Take 2 aspirin and e-mail me in the morning

At Penn Medicine, patients with questions e-mail instead of phoning their healthcare providers. Doctors e-mail back. Ne’er the twain need pick up a mobile phone.

Currently 240,000 people actively use MyPennMedicine (MPM), submitting questions, reading test results and requesting appointments online. Between December 2009 and April 2015, electronic messages to and from patients soared from zero to almost two million a month. That’s a lot of avoided phone calls and office paper.

Patients and most providers like both the 24/7-ness of the electronic system and its directness, the opposite of whispering down the lane. Any literate, clear-thinking patient can submit any clinical message without fear of distortion and expect an educated, medically sound response within a few days.

MyPennMedicine (MPM) is the University of Pennsylvania Health System’s electronic patient portal, the cloud-based connection that allows doctors and their staffs to communicate with patients and their families – but not in person nor by phone. It’s the healthcare equivalent of ordering a pizza, a pillow or a Peugeot. A patient can schedule a Pap smear, request a prescription renewal or find the dates of appointments from a desktop, smartphone or wearable computer. 

Susan Day, MD, is professor of clinical medicine, primary-care provider, director of population health for the division of general and internal medicine and associate chief medical information officer for the medical center’s patient portal and population health. 

She says patients, especially younger ones, like the ability to stay up-to-date on health maintenance, refills and easy referrals without unnecessary trips to the doctor’s office. They even like receiving test results, which sometimes arrive in an inbox without adequate explanation. That, too, is changing, with new access to the Healthwise online library, which explains and interprets lab tests.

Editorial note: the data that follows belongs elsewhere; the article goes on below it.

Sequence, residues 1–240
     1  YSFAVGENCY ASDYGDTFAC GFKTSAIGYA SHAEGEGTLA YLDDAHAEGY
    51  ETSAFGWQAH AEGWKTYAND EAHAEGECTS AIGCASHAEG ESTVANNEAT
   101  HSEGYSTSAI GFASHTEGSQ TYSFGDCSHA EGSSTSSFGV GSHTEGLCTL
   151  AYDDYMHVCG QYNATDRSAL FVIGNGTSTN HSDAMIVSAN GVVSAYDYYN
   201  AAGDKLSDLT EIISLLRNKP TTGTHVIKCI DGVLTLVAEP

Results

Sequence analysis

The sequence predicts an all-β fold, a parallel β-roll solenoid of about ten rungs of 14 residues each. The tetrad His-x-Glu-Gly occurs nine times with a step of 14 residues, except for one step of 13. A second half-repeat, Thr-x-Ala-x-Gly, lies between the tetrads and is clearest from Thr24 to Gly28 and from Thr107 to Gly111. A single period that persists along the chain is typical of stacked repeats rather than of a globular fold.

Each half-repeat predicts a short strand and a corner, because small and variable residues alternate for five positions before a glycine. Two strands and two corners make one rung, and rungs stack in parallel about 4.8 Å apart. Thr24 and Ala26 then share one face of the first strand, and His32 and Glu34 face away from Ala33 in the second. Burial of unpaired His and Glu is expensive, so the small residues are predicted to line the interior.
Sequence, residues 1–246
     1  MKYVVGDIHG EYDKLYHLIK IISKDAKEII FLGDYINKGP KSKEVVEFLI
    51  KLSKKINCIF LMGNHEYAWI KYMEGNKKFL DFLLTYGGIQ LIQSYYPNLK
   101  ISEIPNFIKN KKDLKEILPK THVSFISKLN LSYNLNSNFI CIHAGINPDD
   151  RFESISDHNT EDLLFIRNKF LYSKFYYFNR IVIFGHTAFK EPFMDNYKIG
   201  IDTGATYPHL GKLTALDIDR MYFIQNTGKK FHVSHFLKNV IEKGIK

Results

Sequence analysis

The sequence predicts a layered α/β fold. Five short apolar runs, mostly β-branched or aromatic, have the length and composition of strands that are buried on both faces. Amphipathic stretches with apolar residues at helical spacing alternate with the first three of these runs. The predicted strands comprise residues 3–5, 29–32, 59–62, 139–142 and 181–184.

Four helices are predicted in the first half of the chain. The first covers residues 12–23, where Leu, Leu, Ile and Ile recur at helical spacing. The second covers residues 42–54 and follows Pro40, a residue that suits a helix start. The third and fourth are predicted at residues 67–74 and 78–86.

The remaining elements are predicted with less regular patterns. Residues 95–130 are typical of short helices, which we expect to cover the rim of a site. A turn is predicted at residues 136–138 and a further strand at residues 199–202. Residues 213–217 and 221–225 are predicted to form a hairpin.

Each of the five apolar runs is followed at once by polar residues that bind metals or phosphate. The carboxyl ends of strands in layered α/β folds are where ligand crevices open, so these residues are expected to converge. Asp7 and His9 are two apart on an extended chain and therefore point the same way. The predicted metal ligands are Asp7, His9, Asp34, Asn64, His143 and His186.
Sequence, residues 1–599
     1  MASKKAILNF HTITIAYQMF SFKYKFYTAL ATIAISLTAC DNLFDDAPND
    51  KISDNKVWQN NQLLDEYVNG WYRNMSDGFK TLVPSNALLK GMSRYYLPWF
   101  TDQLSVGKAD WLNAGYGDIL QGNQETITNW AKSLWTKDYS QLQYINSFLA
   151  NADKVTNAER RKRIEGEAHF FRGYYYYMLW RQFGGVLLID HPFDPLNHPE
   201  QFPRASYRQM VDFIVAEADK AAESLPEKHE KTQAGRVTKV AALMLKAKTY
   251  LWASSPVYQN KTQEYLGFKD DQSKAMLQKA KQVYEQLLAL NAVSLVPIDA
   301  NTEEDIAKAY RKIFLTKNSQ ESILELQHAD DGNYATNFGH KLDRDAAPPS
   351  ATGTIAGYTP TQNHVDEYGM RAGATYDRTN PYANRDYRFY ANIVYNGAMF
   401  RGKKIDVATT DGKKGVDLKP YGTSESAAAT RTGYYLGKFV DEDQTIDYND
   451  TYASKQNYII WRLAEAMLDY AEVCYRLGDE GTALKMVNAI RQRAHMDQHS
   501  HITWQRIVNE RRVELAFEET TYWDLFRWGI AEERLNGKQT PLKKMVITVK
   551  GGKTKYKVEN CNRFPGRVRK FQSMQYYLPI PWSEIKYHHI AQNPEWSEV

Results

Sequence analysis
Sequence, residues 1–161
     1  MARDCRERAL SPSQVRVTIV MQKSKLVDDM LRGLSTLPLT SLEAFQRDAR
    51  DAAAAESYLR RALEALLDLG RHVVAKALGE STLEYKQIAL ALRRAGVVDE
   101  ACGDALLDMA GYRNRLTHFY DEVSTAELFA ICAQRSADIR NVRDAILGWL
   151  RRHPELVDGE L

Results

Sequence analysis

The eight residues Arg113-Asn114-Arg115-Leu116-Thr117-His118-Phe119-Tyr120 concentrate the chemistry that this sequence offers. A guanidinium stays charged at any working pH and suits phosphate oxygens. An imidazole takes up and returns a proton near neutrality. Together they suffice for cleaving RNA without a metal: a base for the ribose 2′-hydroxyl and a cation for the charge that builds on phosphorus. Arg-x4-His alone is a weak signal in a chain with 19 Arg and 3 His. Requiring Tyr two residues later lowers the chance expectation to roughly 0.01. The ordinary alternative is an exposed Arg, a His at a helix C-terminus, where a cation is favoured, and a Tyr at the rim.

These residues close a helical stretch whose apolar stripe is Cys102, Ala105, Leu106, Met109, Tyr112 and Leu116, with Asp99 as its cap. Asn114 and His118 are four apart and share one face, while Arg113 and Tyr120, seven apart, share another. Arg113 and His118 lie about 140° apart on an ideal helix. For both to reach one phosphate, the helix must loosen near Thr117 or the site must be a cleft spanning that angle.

“We have just turned on the ability for patients to send in data on their weight, blood pressure, step count and blood sugar by linking mobile devices, such as Apple Watch, scales, blood pressure cuffs and glucometers, through the patient portal.” Day says this technology “Should help us manage chronic conditions like diabetes and high blood pressure.”

Penn’s electronic medical records (EMR), called PennChart, went live at Penn 1998. The software comes from EPIC, a private company in Wisconsin, that serves large medical groups, hospitals and integrated healthcare organizations. In 2006 or 2008??? the system first allowed patient interaction.

Scott Schlegel, associate vice president, EMR Transformation at Penn, co-chairs the MyPennMedicine efforts with Susan Day, MD. Currently MPM handles only ambulatory data within Penn’s EMR system. Schlegel says the service receives more than 500,000 messages each quarter. More than three-fourths of UPHS employees have accounts, plus 21,000 13- to 17-year-olds. Over half the users are 50 or older, and, amazingly, 14 people over 100 – or their caretakers –have tried the Penn portal. Usage is accelerating rapidly.